Higher rate income tax to improve government revenues

Income tax revenue looks set to show a marked improvement this year.

HM Revenue and Customs (HMRC) has predicted that 2010/11 will deliver an additional £10 billion in income tax take.

The majority will come from higher rate taxpayers.

The surge, which will push the income tax stream up to £161 billion, a position it last occupied in 2007/08, should balance the drop in income tax revenue caused by the recession.

As more people rejoin the ranks of the employed, HMRC estimates that in the current financial year the overall number of income tax payers will climb by 400,000 to 30.6 million.

Basic rate taxpayers, however, will register only a moderate 100,000 additional contributors. Those in the 40 per cent band (£37,400 or more annually) and the new 50 per cent bracket (£150,000 or more annually), however, will rise at a disproportionate rate, climbing by 192,000 to 3.4 million.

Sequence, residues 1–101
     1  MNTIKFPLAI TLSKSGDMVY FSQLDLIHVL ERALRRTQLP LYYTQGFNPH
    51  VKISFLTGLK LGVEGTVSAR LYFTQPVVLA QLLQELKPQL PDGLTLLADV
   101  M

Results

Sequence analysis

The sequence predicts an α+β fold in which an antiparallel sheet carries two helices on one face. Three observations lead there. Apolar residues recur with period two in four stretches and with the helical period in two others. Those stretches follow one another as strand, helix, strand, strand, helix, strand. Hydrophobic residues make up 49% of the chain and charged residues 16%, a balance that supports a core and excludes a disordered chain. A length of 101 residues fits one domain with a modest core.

The freezing of both the personal allowance and the 40 per cent tax threshold – fiscal drag as it is known – will mean that more earners will shift up from the basic tax rate.

Once the graduated repeal of the personal allowance for those on incomes of £100,000 or more is factored in, the boost to government revenue from income tax becomes significant.

In the last tax year, higher rate earners accounted for 56 per cent of the total take (£84 billion). This year that figure is likely to rise to £92.7 billion, the equivalent to two thirds (66 per cent) of income tax revenue.

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